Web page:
Sysmex aims to expand its hepatic fibrosis test reagent (HISCL™ M2BPGi™ Assay Kit) business on the basis of this technology. To this end, we are leveraging the evidence from clinical evaluations in Japan to roll out this business in China, South Korea, Southeast Asia and other areas. 

Sysmex plans to continue accelerating R&D conducted through industry–academia–government collaboration, thereby stepping up its efforts toward the practical realization of leading-edge technologies. 

 
 

44th Inoue Harushige Prize presentation ceremony
Presentation ceremony



HISCL™ M2BPGi™ Assay Kit


Overview of the Prize

  Name: 44th Inoue Harushige Prize
  Recipients: Research: Hisashi Narimatsu (Emeritus Researcher, Biotechnology Research Institute for Drug Discovery, National Institute of Advanced Industrial Science and Technology)
    Company: Hisashi Ietsugu (Chairman and CEO, Sysmex Corporation)
  Invention: Hepatic fibrosis diagnostic technology using a new glycosylation marker

 

References

 
December 26, 2013 press release: “Sysmex Succeeds in World's First Practical Application of Technology Employing a Glycosylation Marker to Test Hepatic Fibrosis; Technology Allows the Degree of Hepatic Fibrosis, from Hepatitis to Cirrhosis of the Liver, to Be Determined Swiftly”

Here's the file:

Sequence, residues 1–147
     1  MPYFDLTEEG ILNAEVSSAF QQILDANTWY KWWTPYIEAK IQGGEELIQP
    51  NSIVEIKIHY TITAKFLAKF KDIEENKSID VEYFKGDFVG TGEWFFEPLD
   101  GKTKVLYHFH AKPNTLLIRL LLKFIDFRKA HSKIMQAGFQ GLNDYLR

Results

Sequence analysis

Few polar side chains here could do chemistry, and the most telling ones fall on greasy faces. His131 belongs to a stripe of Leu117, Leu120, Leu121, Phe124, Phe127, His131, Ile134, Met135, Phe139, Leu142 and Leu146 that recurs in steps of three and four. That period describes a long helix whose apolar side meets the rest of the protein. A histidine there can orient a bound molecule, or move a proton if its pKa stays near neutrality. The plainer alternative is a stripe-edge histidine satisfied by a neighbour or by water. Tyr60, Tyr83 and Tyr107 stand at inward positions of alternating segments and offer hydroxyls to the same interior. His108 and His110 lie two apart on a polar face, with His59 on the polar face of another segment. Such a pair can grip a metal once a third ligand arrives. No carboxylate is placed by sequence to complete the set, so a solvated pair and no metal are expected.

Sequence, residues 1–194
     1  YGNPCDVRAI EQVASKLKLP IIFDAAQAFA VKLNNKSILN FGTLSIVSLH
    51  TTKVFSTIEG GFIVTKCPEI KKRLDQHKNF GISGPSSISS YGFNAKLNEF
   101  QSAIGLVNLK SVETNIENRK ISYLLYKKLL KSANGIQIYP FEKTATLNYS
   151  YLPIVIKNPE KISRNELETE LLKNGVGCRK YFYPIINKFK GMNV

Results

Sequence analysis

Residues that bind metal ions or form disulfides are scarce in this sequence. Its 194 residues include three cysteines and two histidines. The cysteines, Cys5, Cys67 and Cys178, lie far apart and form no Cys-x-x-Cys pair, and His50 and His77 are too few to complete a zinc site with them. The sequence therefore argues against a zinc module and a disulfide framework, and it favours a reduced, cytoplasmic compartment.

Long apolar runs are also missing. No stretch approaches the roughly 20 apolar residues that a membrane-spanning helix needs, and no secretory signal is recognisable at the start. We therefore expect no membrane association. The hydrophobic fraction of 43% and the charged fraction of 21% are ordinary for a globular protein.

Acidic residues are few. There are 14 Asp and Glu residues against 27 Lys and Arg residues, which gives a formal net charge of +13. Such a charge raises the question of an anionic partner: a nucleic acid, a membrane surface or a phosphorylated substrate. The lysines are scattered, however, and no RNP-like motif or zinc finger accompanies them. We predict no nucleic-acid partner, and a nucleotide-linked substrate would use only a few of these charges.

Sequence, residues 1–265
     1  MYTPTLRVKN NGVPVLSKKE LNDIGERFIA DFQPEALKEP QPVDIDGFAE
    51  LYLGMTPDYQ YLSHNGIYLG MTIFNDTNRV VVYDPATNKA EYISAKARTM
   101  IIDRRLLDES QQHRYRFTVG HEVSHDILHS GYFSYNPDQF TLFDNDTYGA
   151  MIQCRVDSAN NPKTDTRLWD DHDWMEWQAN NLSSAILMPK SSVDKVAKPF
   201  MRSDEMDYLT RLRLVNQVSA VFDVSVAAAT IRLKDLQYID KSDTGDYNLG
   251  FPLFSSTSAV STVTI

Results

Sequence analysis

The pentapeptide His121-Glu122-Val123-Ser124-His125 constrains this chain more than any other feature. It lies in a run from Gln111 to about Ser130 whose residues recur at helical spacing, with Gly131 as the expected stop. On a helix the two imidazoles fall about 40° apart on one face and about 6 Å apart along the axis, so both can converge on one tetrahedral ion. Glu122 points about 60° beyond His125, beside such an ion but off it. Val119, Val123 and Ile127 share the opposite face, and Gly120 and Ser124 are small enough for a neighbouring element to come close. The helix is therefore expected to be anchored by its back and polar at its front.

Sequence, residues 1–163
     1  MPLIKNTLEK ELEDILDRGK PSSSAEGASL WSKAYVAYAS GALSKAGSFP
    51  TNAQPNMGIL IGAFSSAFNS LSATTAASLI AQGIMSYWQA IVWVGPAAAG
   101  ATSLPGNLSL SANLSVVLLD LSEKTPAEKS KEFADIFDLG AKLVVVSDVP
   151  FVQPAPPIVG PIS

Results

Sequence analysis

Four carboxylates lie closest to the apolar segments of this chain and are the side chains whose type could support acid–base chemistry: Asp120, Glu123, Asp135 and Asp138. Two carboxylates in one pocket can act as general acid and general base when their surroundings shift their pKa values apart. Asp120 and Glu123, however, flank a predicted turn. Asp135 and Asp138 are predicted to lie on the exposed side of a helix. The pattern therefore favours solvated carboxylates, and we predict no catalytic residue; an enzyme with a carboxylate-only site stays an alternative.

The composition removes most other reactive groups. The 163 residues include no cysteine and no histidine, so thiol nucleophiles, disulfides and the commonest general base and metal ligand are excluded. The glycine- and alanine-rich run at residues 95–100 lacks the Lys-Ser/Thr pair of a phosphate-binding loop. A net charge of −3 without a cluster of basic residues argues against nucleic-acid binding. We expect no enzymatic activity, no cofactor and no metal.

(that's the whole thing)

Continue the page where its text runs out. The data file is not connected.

https://www.sysmex.co.jp/en/news/2013/131226.html

 
January 5, 2015 press release: “Hepatic Fibrosis Test Reagent (HISCL M2BPGi Assay Kit) Receives Approval for Health Insurance Coverage − Speedy Blood Sample-based Test for Measuring the Progression of Hepatic Fibrosis from Chronic Hepatitis to Cirrhosis of the Liver−”
 
August 29, 2016 press release: “Sysmex Wins the 14th Annual Merit Award from the Minister of Economy, Trade and Industry for Collaborative Achievement Between Industry, Academia and Government”
 
Website of the Inoue Harushige Prize:


Terminology





 

NEDO projects:
As one of Japan’s largest public research and development management organizations, the New Energy and Industrial Technology Development Organization (NEDO) plays an important part in Japan’s economic and industrial policies. It has two basic missions: “Addressing energy and global environmental problems” and “Enhancing industrial technology.” The Medical Glycomics Project (fiscal 2006 through fiscal 2010), which contributed to the success of realizing the current reagent, employed basic technologies developed through the Glycogene Project (fiscal 2001 through fiscal 2003) and the Structural Glycomics Project (fiscal 2003 through fiscal 2005).